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 Longyearbyen energiverk

Longyearbyen energiverk ( Longyearbyen District Heat and Power Plant)
Address: Longyearbyen
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Architect: Architect Øivind Mauseth in collaboration with civil engineer Bjarne Instanes
Construction System /
Concrete; steel; corrugated steel cladding
Building Type: Coal fired district heating and power plant
Year of Construction: 1982
Energiverket, a district heat and power plant, is situated in the part of Longyearbyen called Sjøområdet. Sitting on the narrow plain between the sea and the mountain, it is a typical example of the modernist idea that form follows function. The building consists of three main sections. Next to the airport road is the lowest section which among other things contains the control room and electrical transformers. The middle section contains the turbines and the tallest and largest section contains the boilers and their silos. Right next to the tallest part stands the even taller, 90 m, flue stack.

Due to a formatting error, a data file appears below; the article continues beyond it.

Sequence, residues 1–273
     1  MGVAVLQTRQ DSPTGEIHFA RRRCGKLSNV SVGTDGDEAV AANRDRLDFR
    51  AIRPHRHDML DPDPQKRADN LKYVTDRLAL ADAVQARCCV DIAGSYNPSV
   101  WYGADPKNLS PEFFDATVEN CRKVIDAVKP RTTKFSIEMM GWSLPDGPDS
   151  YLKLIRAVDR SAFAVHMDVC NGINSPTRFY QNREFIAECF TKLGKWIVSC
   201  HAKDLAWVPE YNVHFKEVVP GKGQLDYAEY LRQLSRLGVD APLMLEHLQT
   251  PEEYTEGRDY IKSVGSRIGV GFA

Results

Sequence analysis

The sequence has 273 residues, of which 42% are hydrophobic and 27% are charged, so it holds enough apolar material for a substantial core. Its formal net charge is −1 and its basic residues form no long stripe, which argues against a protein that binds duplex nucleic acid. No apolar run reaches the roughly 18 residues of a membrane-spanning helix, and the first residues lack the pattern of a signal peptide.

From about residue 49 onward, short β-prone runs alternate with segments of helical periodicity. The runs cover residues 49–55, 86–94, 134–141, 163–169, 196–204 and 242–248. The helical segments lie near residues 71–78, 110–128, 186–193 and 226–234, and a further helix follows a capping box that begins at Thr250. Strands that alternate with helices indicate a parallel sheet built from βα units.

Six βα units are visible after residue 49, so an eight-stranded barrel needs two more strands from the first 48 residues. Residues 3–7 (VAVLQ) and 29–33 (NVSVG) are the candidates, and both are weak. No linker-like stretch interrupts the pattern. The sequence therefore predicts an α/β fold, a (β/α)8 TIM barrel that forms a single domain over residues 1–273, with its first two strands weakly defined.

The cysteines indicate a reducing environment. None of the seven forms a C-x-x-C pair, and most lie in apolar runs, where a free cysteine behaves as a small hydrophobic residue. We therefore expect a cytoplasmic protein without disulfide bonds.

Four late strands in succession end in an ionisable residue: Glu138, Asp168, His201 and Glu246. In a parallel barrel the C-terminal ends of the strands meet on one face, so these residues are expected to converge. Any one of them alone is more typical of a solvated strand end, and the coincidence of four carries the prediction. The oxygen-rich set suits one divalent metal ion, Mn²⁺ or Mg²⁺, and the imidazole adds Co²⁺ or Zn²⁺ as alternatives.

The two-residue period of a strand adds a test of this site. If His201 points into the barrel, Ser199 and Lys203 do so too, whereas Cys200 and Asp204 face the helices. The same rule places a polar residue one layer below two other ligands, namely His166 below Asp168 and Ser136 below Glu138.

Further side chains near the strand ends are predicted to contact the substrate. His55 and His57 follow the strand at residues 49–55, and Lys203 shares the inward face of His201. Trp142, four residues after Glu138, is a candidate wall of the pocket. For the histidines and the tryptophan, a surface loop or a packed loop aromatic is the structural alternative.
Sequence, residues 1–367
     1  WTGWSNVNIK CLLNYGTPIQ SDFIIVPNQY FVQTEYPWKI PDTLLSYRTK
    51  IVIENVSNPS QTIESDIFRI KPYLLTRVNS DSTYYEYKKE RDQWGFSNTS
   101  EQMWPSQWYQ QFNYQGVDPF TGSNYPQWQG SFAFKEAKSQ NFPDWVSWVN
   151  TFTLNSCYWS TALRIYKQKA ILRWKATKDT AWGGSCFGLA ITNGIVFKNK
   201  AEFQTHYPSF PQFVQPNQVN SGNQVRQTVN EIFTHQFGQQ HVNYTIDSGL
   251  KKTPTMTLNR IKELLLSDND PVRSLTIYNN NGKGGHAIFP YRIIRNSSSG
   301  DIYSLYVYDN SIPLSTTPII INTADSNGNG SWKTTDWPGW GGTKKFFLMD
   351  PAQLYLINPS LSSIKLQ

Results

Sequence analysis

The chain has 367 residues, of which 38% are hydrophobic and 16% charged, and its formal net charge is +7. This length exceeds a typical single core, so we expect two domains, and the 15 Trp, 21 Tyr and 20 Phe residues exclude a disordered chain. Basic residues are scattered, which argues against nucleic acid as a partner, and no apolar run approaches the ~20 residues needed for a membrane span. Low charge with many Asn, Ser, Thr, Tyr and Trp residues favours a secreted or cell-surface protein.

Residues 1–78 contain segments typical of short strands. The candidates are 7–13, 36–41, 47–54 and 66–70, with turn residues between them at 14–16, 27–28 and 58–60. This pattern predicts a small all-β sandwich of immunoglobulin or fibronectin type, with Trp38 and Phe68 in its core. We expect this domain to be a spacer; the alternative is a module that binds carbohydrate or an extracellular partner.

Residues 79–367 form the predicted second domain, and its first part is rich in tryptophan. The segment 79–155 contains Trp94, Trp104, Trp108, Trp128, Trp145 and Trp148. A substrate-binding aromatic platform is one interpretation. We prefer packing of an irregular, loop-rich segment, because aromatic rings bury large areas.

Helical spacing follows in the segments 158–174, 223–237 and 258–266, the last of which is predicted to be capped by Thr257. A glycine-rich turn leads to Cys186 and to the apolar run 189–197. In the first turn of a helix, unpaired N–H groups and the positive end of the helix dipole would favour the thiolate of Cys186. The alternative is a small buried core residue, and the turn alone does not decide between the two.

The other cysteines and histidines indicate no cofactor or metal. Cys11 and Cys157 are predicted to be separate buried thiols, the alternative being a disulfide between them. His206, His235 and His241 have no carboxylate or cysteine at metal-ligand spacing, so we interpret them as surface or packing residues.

The building's footprint is rectangular and the structural grid is indicated on the elevations in the in dark blue contrasting the grey corrugated steel cladding. Each of the three main roofs are connected by sloping roofs. Below the parapet the dark blue is repeated in a band which runs all the way around the building. The horizontal rows of windows accentuate the stepped stepped main volumes and the building's contour reflects the shape of mountains in the background.

Energiverket is the only Norwegian site operating as a combined coal fired district heating and electricity generating plant. Designed by the architect Øivind Mauseth it was built in 1982 and replaced the nearby old power station which has been given protected status. The plant towers over the otherwise low higgledy piggledy buildings of the neighbourhood and it is a landmark on the road to and from the airport.
Publisher: The University of Tromsø, 27.03.2012
Author: W.F.S.
Photographer: W.F.S.

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